Abdulrazaque Bello-BarkindoThursday, November 21, 2002


ny given endeavour in this world has two sides to it. Cultures, religions, coins, lifestyles all have their pros and cons. At the human level we speak of body and soul, flesh and spirit, masculine and feminine, man and woman, father and mother, son and daughter, husband and wife, senior and junior.

At the very basic level of other human existence, we hear of the sun and the moon, angel and beast, black and white, beautiful and ugly, good and bad, day and night, natural and supernatural, positive and negative, hard and soft, teacher and student, believer and non-believer, and to the most crucial, most distinct, most controversial and most popular religions in the world, Islam and Christianity.

The two religions originate according to their scriptures from the same source but at different times. They were led by Jesus Christ and Prophet Mohammed (saw). Their duality manifest in all aspects of our existence, our relations and discourse, our formality and informality, our casualty and seriousness and our inner selves and outer actions, all distinctions that are in themselves merely composite of one another.

In talking about the two religions that to all intents and purposes profess to worship the same divine power, some people become more careful than others. That is why we have good and bad writers, good and bad newspapers, reasonable and unreasonable commentators, objective and subjective editors and responsible and irresponsible analogies among many other proclivities of modern existence.

In religion just as in politics we speak of good and bad, divine and sacrilegious, left and right, liberal and conservative, progressive and reactionary, moderate and extremist. There are also the democratic and the dictatorial, the civilised and the uncivilised, the developed and underdeveloped, rich and poor. To a large extent all these factors influence the writer and at the end of her entire exercise, the reader.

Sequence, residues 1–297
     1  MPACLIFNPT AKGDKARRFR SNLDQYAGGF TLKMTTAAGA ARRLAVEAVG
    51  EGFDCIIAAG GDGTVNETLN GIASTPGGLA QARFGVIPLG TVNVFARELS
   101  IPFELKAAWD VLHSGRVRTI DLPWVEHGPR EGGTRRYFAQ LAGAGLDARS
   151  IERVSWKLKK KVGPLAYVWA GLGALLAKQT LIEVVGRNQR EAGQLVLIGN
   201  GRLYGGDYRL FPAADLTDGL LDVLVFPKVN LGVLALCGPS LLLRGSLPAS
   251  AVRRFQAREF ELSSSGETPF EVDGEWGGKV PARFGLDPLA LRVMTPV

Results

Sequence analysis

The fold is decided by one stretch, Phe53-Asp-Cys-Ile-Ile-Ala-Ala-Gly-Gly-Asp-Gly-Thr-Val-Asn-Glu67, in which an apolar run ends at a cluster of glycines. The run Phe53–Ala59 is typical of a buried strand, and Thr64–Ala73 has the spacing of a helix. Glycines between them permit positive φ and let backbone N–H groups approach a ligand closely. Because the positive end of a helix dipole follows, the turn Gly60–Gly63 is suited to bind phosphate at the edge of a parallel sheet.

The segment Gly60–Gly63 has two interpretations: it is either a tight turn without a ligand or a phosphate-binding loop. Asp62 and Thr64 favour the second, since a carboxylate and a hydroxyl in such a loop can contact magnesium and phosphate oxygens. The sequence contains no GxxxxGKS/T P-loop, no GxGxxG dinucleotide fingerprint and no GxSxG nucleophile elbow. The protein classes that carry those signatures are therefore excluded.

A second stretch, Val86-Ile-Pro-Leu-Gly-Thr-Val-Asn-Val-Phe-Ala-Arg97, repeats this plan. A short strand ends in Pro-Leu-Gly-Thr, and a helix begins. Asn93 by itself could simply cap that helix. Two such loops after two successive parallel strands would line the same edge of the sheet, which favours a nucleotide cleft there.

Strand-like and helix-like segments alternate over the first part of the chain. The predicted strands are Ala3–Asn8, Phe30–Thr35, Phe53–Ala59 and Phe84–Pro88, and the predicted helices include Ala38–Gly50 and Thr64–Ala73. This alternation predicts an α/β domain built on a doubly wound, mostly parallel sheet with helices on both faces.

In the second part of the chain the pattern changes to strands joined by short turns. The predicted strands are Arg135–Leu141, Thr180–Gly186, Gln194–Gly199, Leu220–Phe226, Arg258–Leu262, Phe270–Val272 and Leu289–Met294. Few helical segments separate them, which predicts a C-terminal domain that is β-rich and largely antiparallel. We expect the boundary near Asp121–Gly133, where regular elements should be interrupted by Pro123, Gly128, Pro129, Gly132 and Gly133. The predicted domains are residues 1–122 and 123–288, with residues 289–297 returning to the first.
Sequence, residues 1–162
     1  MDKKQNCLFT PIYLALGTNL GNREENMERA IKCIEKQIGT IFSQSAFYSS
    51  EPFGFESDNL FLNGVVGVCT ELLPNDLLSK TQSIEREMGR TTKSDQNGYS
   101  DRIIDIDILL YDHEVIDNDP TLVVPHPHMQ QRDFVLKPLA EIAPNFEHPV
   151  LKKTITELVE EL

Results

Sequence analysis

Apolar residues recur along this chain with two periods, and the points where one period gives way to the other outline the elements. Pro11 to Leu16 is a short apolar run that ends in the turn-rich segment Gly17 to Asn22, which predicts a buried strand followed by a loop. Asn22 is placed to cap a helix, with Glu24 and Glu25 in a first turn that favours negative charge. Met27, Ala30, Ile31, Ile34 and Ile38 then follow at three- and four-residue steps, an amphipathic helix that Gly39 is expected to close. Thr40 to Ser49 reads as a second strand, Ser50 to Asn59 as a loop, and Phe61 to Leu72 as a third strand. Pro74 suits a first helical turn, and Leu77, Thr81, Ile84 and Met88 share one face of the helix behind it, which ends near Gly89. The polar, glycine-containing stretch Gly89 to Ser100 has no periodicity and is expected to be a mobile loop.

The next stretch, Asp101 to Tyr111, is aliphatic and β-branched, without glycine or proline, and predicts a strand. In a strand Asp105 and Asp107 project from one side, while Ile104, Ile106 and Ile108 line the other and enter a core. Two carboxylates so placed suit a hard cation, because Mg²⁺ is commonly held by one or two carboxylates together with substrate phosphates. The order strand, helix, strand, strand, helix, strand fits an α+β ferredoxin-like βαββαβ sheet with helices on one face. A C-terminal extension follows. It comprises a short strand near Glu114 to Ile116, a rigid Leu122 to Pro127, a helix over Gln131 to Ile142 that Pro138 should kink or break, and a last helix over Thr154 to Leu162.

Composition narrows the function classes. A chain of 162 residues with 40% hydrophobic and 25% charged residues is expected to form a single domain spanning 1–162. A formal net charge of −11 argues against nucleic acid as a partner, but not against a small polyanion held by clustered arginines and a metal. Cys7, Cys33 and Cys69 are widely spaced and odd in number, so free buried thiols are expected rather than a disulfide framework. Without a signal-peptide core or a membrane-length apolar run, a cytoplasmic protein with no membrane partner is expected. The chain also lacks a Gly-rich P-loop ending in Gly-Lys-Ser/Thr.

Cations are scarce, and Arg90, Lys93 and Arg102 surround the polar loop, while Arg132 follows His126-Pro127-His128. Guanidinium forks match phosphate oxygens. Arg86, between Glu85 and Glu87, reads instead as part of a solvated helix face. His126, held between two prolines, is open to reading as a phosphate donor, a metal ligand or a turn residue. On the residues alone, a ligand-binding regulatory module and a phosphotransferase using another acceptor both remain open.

As a Moslem, and definitely not for any religious inclination, but for some other reason that I could not place, I did not read the article that enraged the loyal readers of Thisday. There are many of us who think differently from north to south but remain united in the inalienability of the presence of a forum for discourse, education, information and entertainment value that Thisday has come to represent. The author of the infamous article, just as the enraged Moslem readership belong to this group, but yet again subscribe to different views, different perspectives, different religious influences and even perhaps different approaches to the feelings of others. At the end of the day, it is like a family disagreeing on a matter so fundamental to one but which means nothing to the other.

Over time, Moslem writers have in the main, at least in Nigerian newspapers been very careful in the way they represent Christianity in their writings. It could be attributed to the place that Jesus occupies in the Quoran. But writers like Isioma have, through their exuberance caused untold hardship to innocent citizens by their expressions and jaundiced analogies. How she would have felt if her article had led to the death of Josephine Lohor, no one would ever know, but certainly a point must have been made, even if the point approaches the extreme from a another point of view.

In reading Thisday, both Isioma whose exploitation of the forum has angered an entire nationís Moslem population and the rioters are a family, only that Isioma plays the role of a mischievous old woman who creates bad blood among siblings (Uwar Kinibibi). Her statement was blasphemous, irresponsible and irritating. The reaction of the Moslems youth of Kaduna even if debatable has sent the signal that no one ridicules Islam with impunity but to go ahead and boycott the newspaper as others are suggesting is preposterous because Isioma the offender does not constitute the paper and its numerous workers among who are Moslems likely to lose their honest source of income in the process, and Islam frowns at denying people their right to a decent livelihood. Besides, the paper has in the last three years championed the cause of justice for which the north has been a ferocious complainant and losing this ally at this time is not a wise idea. We have made our point and the management and staff have apologised. Let us continue to read Thisday.